Ben Kelly Design


Pictures: (Top) Ben Kelly in his studio, photo by Graeme Brooker; (Bottom) article page featuring The Hacienda, Manchester (now destroyed).

CiA at IUAV Venice

CiA staffer Sally Stone and her co-author Graeme Brooker have just returned from the “Re-habituation of Interior Space” conference, which was held at the Università IUAV di Venezia in Italy. The theme of the conference was the remodelling and re-use of existing buildings and the design of interior space. This international conference attracted papers from as far away as Sydney, and Stone and Brooker were one of only ten speakers invited from almost ninety submissions. They found themselves sharing the platform with the distinguished Austrian architect and winner of the Heinrich Tessenow Medal, Heinz Tesar, who presented his newly completed Bode-Museum in Berlin. Also presenting were the eminent architects: Andrea Branzi, and José Ignacio Linazasoro and there was a special presentation from Umberto Riva, who showed a selection of his work from the last 50 years.

Gianni Ottolini, from the Politecnico di Milano, completed his opening address with a plea for the remodelling of existing buildings to be taken seriously as an importantant and necessary area of expertise; “…we must defend our specific competence and responsibility as formulisers and constructors of a habitational architecture that is authentic, desirable and possible, in a critical and vital relationship with the past.”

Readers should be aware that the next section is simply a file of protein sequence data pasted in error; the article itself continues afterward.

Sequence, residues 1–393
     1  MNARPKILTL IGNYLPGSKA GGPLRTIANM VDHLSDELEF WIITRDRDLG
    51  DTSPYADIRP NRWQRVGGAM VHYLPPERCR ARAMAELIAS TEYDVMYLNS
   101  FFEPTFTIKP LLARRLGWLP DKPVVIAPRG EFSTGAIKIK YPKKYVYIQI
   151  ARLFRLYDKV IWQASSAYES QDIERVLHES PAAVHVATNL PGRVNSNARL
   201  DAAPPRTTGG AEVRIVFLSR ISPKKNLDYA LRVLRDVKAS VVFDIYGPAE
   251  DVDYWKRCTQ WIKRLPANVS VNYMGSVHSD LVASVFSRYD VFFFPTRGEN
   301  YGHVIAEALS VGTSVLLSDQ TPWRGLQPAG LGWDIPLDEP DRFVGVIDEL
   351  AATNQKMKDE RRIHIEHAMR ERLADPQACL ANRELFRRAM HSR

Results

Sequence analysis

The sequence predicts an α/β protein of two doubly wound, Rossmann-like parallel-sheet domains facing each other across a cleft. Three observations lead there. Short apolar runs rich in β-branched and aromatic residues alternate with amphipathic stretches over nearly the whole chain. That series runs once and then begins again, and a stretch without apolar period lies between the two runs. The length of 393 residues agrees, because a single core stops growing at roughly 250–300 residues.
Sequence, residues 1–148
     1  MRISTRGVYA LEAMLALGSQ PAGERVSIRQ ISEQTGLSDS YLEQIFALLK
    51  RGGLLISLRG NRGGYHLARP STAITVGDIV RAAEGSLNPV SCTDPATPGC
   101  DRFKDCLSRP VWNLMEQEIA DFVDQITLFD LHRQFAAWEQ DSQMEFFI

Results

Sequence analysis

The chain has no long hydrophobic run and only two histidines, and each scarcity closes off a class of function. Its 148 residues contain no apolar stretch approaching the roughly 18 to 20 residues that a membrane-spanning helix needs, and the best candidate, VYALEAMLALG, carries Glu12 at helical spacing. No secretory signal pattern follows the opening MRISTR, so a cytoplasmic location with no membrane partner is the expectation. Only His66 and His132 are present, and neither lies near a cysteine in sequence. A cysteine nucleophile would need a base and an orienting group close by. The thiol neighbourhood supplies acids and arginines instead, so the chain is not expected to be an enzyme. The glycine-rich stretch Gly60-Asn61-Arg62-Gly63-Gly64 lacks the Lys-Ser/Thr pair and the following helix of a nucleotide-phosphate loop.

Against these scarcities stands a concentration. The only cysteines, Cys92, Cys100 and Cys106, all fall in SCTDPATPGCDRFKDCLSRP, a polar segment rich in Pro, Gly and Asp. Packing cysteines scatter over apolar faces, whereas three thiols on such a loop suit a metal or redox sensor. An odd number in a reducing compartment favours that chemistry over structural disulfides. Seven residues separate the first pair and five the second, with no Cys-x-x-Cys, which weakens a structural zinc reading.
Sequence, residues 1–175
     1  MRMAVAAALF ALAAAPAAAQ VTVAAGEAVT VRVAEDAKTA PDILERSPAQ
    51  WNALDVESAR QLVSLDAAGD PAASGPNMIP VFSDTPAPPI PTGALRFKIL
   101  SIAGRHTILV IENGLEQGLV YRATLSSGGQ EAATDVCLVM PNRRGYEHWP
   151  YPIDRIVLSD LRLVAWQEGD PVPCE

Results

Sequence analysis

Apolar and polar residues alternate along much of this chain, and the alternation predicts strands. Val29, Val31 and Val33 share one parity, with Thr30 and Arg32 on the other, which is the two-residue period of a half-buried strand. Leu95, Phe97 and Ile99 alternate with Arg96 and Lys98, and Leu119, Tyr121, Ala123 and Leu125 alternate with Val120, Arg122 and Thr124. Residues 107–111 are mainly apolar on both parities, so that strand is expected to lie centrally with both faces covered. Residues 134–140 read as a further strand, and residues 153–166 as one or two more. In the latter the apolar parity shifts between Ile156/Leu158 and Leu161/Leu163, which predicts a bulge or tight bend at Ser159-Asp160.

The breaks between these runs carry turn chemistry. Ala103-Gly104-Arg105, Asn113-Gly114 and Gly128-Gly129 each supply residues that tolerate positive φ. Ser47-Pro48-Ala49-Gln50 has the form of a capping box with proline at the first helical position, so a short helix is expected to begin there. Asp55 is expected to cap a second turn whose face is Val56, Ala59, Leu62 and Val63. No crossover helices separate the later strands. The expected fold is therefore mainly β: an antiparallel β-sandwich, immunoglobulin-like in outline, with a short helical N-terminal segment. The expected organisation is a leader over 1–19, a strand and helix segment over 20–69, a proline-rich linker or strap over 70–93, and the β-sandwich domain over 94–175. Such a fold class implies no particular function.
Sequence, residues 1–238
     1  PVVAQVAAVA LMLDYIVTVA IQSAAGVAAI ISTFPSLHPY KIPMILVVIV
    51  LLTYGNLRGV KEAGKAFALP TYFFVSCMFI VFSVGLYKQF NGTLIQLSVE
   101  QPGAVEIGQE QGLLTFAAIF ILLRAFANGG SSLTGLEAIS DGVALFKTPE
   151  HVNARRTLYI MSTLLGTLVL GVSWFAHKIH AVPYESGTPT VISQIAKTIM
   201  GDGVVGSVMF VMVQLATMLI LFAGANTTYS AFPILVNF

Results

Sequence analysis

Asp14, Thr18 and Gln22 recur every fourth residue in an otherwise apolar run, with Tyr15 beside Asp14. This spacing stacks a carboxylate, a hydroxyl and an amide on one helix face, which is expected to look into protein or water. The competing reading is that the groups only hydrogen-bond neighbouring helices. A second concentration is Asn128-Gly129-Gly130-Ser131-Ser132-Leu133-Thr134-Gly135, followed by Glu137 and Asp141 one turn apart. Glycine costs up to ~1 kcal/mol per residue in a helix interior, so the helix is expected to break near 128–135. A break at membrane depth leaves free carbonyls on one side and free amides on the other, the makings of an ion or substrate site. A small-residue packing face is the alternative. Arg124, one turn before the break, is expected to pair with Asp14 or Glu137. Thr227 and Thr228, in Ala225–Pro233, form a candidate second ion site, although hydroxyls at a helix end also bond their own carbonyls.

Stone and Brooker presented a paper, not without a certain amount of deliberate irony, on Spolia and the art of re-using whole and complete elements. When they suggested that, within a post-modern, post-industrial society, the traffic bollards and shipping crates re-used by the likes of Ben Kelly and LOT/EK are as viable examples of spolia as classical relics, murmurs of surprise (and disagreement) could be heard from the Venetian audience.

Further details can be found at: rehabitation of interior space

It was not all hard work and Stone and Brooker enjoyed an excellent meal, organised by the conference coordinators at the Trattoria da Ignazio on the Calle Saoneri in the San Polo district. The spaghetti with crab is highly recommended.

Conference publication: Gli interni nell progetto sull’esistente, ISBN 978-88-7115-561-6